Under the Dome

December 30, 2013

Analysis of voter trends shows unaffiliated voters continue to increase

An analysis of voter trends by Democracy North Carolina has found that in every county except Hoke, a majority of new voters are choosing not to sign up as Democrats or Republicans. Statewide, unaffiliated voters now make up 26 percent of the electorate, up from 8 percent in 1993.

The race, political party and growth patterns among North Carolina voters vary widely by county, according to a new analysis of voter trends by the watchdog group Democracy North Carolina.

Since 2008, for example, Mecklenburg County has seen a net increase of 14,700 Democrats and 26,100 black voters, but a loss of 13,900 Republicans and 11,800 white voters after taking into account deaths, moves and party registration changes. In neighboring Gaston County, however, Democrats have lost 2,400 members over the past five years, while Republicans added 800 and unaffiliated voters increased by 6,100, according to the analysis.

The Democracy NC study also found:

• In 36 of the 100 counties, the number of registered voters declined from November 2008 to November 2013.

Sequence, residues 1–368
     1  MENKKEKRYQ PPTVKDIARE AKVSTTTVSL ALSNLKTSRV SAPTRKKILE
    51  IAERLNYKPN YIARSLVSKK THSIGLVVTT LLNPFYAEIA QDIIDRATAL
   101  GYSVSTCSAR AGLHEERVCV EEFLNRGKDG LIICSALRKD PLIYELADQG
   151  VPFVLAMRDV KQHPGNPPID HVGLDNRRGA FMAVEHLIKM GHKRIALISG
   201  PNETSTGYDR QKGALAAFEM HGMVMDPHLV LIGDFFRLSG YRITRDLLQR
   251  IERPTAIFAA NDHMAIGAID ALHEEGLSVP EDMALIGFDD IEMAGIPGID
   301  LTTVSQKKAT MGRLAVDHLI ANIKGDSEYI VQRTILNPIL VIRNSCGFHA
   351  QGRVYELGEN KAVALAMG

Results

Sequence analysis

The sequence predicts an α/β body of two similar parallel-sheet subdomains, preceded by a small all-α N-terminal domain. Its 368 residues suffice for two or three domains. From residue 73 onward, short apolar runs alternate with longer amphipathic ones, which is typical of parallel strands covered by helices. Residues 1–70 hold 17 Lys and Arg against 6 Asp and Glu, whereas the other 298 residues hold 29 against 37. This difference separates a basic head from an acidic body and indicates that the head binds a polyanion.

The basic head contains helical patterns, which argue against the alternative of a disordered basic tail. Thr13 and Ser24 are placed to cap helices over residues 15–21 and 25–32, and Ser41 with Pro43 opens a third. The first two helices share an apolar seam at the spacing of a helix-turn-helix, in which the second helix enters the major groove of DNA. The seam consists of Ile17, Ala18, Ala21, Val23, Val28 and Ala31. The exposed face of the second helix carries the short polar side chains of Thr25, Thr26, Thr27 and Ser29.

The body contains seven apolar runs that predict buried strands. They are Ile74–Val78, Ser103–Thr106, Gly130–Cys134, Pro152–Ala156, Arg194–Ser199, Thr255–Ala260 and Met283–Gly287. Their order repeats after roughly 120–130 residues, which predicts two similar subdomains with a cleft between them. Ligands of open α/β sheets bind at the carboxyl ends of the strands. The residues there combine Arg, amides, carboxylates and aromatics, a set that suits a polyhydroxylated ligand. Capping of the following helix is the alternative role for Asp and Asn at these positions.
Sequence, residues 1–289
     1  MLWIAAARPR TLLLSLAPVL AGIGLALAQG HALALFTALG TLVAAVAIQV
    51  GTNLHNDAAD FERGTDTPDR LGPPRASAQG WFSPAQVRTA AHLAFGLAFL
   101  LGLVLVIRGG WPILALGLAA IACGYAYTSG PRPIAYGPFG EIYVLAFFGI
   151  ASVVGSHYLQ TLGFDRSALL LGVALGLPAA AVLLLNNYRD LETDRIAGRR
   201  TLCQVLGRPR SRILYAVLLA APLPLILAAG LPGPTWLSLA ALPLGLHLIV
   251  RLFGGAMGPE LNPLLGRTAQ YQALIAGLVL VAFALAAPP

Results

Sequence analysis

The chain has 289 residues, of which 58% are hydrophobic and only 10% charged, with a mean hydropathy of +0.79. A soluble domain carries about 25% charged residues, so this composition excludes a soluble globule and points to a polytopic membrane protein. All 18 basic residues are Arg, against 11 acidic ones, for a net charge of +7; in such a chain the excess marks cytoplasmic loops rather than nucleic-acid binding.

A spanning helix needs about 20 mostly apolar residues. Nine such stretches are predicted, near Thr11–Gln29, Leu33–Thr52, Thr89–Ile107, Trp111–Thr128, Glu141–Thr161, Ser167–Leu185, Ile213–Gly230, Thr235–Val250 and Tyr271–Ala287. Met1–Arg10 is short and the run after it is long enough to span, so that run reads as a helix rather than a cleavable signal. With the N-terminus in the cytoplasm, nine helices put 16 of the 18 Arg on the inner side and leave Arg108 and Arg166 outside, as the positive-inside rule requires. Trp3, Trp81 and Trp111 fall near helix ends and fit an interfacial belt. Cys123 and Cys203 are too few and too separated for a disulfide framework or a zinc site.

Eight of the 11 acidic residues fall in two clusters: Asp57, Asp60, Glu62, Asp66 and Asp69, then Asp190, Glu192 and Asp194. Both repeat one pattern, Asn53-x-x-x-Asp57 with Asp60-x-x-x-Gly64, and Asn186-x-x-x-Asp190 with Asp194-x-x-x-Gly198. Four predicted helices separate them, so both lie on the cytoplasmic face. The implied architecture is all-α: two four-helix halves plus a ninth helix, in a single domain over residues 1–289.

• In every county except Hoke, a majority of new voters are choosing not to sign up as Democrats or Republicans. Statewide, unaffiliated voters now make up 26 percent of the electorate, up from 8 percent in 1993.
• One feature every county shares is a net gain in Latino voters since 2008 – from five voters added in Northampton and six in Hyde to 6,800 new Latino voters in Wake and 8,400 in Mecklenburg.
• The 53,000 registrations of American Indians represents a 9 percent increase over 2008. About half of the registered American Indians live in Robeson County.

To download a spreadsheet of the county-level data: http://bit.ly/19xyfa4

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